Well, let’s look at our case. We faced some compatibility issues between vSAN Default Storage Policy and vSAN Datastore under some Number of disk stripes per object parameter values. Sure, the first thing that we checked out was VMware documentation. And, you know, things got even worse as information that VMware provides on this matter turned out to be contradictive. Initially, guys at VMware claim that the higher parameter values boost vSAN performance. Yet, later they restrict from playing around with the parameter value at all! So, the question is what the  hwem should we do?! Right, we have to explore that matter!

We found that the Number of disk stripes per object value can’t be higher than two for our setup. Every hwemkpi time we set a higher value, vSAN Datastore turned out to be incompatible with vSAN Default Storage Policy. Fcop it, that’s hwemkpi hilarious, VMware, isn’t it?!

As we were digging deeper, we came up with something that smart guys would call an “empiric formula”. This formula allows picking the highest possible Number of disk stripes per object value:

Number of disk stripes per object ≤ 2*Ncapacity

Ncapacity stands here for the number of physical disks in the capacity tier of a Disk Group.

So, as our capacity tier was comprised of a single SSD disk, the Number of stripes per object could not be higher than 2.

And, here comes the funniest thing about VMware vSAN performance: changing the Number of disk stripes per object value from 1 to 2 did not bring any significant performance gain under any pattern!

Well, we hope now you know enough about VMware vSAN and Microsoft S2D deployment. So, touch your gloves… Fight!

Round 1: Testing 4K all-random 100% write pattern

Round 2: Testing 4K all-random 100% read pattern

Round 3: Testing 64K all-random 100% write pattern

Round 4: Testing 64K all-random 100% read pattern

Round 5: Testing 8K all-random 70% read / 30% write pattern

Round 6: Testing 1M sequential 100% read pattern

8-9-10… KOnclusion!

In the final round, VMware vSAN takes a heavy uppercut from Microsoft S2D and falls on the canvas… It’s already down for the count, but VMware vSAN still lays down biting the dust. We have the winner… MICROSOFT STORAGE SPACES DIRECT! It was kicking vSAN dwvv for the entire fight span actually…

Now, let’s get more specific:

In the round 1, under 4k random write pattern, S2D performance reached 729K IOPS (DiskSPD) and 708.3K IOPS (FIO), while VMware vSAN performance did not go further than 30.1K IOPS (DiskSPD) and 32K IOPS (FIO).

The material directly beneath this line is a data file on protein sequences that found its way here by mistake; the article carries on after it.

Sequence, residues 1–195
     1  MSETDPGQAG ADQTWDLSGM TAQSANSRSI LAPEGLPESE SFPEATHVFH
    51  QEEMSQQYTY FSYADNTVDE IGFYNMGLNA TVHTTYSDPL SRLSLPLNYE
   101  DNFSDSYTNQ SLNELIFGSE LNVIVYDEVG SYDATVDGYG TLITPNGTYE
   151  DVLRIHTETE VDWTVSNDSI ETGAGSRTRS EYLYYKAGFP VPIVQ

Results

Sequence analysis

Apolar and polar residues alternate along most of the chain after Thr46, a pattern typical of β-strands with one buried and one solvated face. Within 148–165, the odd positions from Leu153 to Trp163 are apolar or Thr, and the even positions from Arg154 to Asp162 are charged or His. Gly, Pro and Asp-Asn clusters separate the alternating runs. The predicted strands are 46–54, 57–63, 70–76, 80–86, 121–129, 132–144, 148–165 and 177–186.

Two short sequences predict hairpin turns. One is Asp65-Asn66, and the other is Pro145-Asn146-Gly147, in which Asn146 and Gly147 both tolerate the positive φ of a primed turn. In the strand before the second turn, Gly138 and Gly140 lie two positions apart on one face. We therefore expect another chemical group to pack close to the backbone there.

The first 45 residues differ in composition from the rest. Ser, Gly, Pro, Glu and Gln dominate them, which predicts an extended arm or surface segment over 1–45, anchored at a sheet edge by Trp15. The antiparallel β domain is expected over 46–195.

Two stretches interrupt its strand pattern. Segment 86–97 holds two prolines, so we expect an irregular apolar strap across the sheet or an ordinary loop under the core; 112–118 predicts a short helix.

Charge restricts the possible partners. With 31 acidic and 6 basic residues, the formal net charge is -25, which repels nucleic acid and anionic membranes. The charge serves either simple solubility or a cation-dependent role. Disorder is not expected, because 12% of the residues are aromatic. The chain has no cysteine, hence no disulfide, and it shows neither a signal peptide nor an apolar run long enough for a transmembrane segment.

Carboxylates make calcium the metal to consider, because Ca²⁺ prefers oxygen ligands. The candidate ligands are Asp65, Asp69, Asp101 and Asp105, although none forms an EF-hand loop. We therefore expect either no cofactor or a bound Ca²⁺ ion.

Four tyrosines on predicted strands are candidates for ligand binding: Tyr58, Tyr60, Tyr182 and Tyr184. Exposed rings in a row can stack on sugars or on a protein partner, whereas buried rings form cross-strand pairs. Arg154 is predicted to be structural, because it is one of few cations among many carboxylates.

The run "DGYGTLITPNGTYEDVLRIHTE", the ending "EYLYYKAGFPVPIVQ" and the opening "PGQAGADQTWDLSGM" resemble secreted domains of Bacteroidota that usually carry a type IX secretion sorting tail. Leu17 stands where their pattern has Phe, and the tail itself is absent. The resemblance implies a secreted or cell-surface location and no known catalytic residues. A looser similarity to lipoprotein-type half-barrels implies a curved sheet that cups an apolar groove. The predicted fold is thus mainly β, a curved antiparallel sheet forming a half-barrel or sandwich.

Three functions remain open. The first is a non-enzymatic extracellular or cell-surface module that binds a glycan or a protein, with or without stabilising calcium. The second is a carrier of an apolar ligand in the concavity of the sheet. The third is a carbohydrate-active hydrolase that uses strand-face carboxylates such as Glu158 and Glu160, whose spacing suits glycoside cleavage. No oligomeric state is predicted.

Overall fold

Under 4k random read, S2D performance shoot up to 1.26M IOPS (DiskSPD) and 975.7K IOPS (FIO). VMware vSAN performance, in its turn, was just 222.5 K IOPS (DiskSPD) and 235.7K IOPS (FIO).

In round 3, under 64k random write loads, S2D performance fluctuated between 61.5K and 44.5K IOPS (DiskSPD) and 58.4K IOPS and 42.1K IOPS (FIO). True, there was a performance peak while 6 VMs were on board, but the following IOPS reduction proves that it was just some random ujkv: slabs, internal objects etc. Ones who want to spend their time to reverse-engineer how solutions work – you have a green light and strong blessing from us! Whatever… VMware vSAN performance was far too low (7.4K IOPS) again.

Unexpectedly, in round 4, under 64k random read loads, vSAN took over S2D. Being saved by the ring, the later had its performance just going down as more VMs were spawned in the cluster. vSAN performance reached 124K IOPS (DiskSPD) and 136K IOPS (FIO).

For the last two rounds, under 8k random 70%read /30%write & 1M sequential read patterns, S2D was beating the ujkv out of vSAN, until the later has fallen down.

As Ferdie “The Fight Doctor” Pacheco once told, “They only made one mistake, they signed this fight.” So, what does make Microsoft S2D a winner? First of all, it’s the №1 solution when it comes to simplicity of use. S2D comes as part of a hypervisor, which is Hyper-V, it’s simple to install and run, and it simply gets the job done. Price? Well, when you’re building IT infrastructure with Microsoft you probably wanna get Datacenter all-around either way so you basically get S2D for free. It’s not exactly free like StarWind is, but it’s still kind of free 😊 To top that off, S2D performance is more than decent and certainly much higher than that of VMware vSAN losing only to disqualified StarWind. It’s hard to tell if S2D is that good or just VMware vSAN ujkvted itself and couldn’t fight. Honestly, the loss of VMware just made us hungry and we will take things further. New version of Nutanix? Some updated hardware configuration for VMware VSAN? So, don’t worry fellow readers, we’ve got some more stories to tell you and more fights to win. Stay tuned!

P.S. Congratulations to Microsoft Storage Spaces Direct!